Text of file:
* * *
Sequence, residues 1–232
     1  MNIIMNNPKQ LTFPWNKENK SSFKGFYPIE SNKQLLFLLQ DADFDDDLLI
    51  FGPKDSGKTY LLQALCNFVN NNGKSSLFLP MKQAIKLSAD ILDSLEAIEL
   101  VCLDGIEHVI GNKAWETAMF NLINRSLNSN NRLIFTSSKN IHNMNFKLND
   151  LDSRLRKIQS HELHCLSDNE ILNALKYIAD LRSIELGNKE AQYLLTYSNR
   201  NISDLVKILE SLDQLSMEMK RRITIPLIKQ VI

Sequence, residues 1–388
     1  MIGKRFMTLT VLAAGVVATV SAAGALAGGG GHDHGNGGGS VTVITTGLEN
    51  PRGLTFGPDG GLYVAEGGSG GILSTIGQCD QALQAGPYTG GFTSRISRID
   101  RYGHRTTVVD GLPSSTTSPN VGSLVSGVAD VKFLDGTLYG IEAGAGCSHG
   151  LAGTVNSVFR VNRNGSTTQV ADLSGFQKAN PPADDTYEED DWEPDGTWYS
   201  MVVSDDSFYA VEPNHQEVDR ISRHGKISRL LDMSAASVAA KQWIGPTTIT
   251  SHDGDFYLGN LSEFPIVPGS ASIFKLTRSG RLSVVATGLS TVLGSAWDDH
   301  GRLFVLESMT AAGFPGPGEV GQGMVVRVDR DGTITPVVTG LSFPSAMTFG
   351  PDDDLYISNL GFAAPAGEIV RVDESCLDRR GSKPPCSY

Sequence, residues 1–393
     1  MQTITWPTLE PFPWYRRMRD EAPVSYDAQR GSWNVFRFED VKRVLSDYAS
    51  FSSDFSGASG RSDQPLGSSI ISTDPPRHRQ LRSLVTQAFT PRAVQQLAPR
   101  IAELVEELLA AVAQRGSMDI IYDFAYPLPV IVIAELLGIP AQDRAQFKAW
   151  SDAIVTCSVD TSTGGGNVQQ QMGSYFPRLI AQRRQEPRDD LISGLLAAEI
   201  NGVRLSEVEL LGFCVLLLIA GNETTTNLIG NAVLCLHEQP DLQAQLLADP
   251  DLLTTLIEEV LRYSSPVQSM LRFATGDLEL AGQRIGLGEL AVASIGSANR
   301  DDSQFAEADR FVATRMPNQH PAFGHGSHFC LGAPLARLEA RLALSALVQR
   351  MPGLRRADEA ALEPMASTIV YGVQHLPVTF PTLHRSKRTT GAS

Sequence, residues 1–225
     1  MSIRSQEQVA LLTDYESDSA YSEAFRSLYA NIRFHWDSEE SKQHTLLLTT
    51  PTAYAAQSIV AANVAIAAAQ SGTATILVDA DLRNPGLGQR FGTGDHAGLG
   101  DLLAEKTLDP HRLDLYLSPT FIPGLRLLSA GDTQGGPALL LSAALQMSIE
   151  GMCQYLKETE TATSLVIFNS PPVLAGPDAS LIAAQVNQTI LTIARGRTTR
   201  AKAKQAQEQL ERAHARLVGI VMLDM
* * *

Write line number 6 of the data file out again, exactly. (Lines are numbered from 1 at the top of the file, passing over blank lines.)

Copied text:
   201  NISDLVKILE SLDQLSMEMK RRITIPLIKQ VI